Published by Scribner on September 28, 2021
Genres: Fiction, Fantasy, Historical, Literary
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Thirteen-year-old Anna, an orphan, lives inside the formidable walls of Constantinople in a house of women who make their living embroidering the robes of priests. Restless, insatiably curious, Anna learns to read, and in this ancient city, famous for its libraries, she finds a book, the story of Aethon, who longs to be turned into a bird so that he can fly to a utopian paradise in the sky. This she reads to her ailing sister as the walls of the only place she has known are bombarded in the great siege of Constantinople. Outside the walls is Omeir, a village boy, miles from home, conscripted with his beloved oxen into the invading army. His path and Anna’s will cross.
Five hundred years later, in a library in Idaho, octogenarian Zeno, who learned Greek as a prisoner of war, rehearses five children in a play adaptation of Aethon’s story, preserved against all odds through centuries. Tucked among the library shelves is a bomb, planted by a troubled, idealistic teenager, Seymour. This is another siege. And in a not-so-distant future, on the interstellar ship Argos, Konstance is alone in a vault, copying on scraps of sacking the story of Aethon, told to her by her father. She has never set foot on our planet.
Cloud Cuckoo Land by Anthony Doerr is one of the most unique books I have ever read. Considering how ardent a reader I am, that is saying something. Let me preface this review by saying I requested the book from my library simply because it was highly popular; by the time the book was available, I had forgotten everything about it. I did not know anything about its plot, its characters, or its setting. I stepped into Cloud Cuckoo Land with open eyes, a blank slate, and zero expectations.
At first, it was hard to follow, but I blame that more on the fact I listened to the audiobook. It took me a while to succumb to the narrators’ currents rather than fighting against them. But once I did, I floated through this novel like a boat on a river. Cloud Cuckoo Land ebbed and flowed, and the descriptions filled my imagination in a way no book has in a long time. What makes the book particularly challenging is that it has numerous points of view, all from different timeframes.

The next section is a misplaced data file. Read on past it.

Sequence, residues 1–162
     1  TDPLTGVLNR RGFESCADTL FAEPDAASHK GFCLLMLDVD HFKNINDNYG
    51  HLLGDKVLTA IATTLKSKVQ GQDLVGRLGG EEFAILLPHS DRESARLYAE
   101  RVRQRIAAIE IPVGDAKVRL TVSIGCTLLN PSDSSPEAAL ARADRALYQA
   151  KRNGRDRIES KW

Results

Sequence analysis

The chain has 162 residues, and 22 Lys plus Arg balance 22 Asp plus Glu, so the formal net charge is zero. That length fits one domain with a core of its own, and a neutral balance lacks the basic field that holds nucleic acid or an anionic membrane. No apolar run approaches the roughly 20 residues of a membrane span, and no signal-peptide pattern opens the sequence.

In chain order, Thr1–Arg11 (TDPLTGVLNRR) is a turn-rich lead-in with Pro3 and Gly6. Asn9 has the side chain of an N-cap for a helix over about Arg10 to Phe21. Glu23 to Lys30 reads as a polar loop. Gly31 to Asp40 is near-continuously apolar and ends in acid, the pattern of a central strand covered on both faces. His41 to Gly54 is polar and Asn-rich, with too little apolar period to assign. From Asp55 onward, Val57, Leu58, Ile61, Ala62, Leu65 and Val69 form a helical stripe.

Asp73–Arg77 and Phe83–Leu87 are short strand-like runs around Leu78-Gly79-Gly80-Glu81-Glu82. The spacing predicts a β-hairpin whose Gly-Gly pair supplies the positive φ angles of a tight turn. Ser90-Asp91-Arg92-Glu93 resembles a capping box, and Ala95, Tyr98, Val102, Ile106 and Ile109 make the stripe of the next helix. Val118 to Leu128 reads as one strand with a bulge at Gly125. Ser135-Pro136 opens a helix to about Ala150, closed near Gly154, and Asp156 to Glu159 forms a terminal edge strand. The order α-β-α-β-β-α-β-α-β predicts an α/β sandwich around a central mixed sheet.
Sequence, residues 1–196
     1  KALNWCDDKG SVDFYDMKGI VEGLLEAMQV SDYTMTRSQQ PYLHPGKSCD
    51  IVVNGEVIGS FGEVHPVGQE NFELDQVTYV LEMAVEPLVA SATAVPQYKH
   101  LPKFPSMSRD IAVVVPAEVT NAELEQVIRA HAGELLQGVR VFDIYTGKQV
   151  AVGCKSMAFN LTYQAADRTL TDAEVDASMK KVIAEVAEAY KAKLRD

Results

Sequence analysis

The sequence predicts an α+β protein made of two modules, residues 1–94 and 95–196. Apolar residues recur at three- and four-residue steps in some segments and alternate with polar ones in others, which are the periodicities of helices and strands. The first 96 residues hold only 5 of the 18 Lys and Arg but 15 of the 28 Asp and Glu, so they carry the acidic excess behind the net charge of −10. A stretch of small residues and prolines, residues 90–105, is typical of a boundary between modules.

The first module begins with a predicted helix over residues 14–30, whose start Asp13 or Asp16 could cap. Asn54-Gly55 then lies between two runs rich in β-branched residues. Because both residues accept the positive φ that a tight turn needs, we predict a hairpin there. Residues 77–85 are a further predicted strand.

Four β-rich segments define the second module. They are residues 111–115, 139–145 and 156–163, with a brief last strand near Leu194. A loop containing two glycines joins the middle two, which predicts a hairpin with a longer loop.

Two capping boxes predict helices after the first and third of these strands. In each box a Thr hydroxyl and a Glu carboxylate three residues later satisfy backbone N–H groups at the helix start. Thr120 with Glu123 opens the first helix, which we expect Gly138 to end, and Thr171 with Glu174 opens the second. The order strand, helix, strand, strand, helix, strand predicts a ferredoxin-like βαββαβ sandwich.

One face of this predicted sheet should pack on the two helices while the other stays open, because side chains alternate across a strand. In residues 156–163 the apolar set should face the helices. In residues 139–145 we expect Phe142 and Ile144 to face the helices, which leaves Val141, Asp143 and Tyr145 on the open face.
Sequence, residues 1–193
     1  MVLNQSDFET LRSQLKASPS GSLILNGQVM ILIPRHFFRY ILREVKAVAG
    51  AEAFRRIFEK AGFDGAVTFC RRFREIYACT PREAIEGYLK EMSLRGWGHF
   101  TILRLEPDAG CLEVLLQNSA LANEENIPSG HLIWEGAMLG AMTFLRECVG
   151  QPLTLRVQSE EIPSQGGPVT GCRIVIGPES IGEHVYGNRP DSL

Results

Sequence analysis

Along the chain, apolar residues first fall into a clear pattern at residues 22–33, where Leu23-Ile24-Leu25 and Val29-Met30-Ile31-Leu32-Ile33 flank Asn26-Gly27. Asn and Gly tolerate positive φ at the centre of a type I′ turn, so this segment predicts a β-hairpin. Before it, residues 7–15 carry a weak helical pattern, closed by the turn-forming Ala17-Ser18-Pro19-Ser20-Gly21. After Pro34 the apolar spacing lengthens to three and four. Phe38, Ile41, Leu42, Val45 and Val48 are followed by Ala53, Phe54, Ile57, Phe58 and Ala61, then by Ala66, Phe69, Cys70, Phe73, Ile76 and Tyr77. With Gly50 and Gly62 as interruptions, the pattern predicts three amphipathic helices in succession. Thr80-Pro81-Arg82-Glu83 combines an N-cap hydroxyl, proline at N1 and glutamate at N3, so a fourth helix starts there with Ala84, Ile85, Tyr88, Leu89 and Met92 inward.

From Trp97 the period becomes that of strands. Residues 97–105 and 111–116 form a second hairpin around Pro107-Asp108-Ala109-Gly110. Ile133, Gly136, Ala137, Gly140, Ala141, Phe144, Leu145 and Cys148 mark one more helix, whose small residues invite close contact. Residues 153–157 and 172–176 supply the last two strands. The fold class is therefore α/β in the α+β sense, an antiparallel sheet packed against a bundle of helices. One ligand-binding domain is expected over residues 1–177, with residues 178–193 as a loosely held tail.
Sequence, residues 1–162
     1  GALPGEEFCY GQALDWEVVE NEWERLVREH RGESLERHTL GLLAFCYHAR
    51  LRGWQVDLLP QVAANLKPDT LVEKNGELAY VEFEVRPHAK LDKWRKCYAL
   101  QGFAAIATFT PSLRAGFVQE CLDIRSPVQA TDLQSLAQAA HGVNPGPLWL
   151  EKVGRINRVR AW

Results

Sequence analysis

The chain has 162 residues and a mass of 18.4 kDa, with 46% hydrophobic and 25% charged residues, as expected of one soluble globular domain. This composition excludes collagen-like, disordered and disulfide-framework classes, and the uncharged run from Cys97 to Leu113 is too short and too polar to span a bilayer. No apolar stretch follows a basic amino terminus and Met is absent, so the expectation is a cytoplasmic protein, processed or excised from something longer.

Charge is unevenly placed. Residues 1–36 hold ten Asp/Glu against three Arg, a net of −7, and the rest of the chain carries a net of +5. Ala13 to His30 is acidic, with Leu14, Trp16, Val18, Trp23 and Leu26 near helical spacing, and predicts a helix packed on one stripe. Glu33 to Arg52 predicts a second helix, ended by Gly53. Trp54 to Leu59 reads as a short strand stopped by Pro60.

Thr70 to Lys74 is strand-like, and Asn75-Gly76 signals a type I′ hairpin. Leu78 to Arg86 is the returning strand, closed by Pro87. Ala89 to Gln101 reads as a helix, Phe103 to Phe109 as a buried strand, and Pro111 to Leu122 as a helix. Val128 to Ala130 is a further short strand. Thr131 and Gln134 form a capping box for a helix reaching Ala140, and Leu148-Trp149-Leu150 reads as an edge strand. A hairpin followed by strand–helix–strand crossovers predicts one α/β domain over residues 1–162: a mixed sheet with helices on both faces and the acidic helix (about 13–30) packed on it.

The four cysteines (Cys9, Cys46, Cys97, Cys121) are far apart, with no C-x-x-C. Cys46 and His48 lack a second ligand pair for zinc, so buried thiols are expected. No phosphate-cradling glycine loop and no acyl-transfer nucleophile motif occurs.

- Anna is from ancient Constantinople. Omeir was pulled into the army attacking its mighty walls. They are both preparing for war in their own ways.
- Zeno, who learned ancient Greek from a fellow prisoner of war during the Korean War, is next, though his view stretches into 2020. Zeno translates a historical text, once thought lost…called Cloud Cuckoo Land by Antonius Diogenes.
- Seymour is different from the start, as he is autistic, and no one else quite gets him. He discovers an eco-terrorist on the internet, who inspires him to “save the environment” and plant a bomb at a library. His timeline goes from his childhood and into middle age, or even older than that. His, at one point, overlaps with Zeno’s.
- Then there’s Konstance, who lives on an interstellar ship called the Argos, racing toward a new planet. Elements of both Zeno and Seymour’s tales slip into Konstance’s.
Doerr incorporates his fictitious tale of Cloud Cuckoo Land throughout the text, so there’s an additional subplot inside of the overall novel. Six views in all; see how I got confused when listening to the audiobook? Once I understood everything, though, I never wanted this book to end. I loved Anthony Doerr’s style of writing; it is eloquent and the words flow from one page to the next. It probably is not for everyone, though. I will say that. Cloud Cuckoo Land by Anthony Doerr is heavily descriptive. I loved this quality while listening to it, because it better helped transport me into Doerr’s story. I may not have liked it so much had I been reading the actual book, but it’s impossible for me to say for certain.
Nothing in the text is particularly exciting. And the characters…do not do much. It is a lot of traveling, or a lot of waiting. Cloud Cuckoo Land is not a thrilling, edge-of-your-seat story that will have you biting your fingernails. It has a different kind of draw, at least for me. I loved everything about this story, from beginning to end.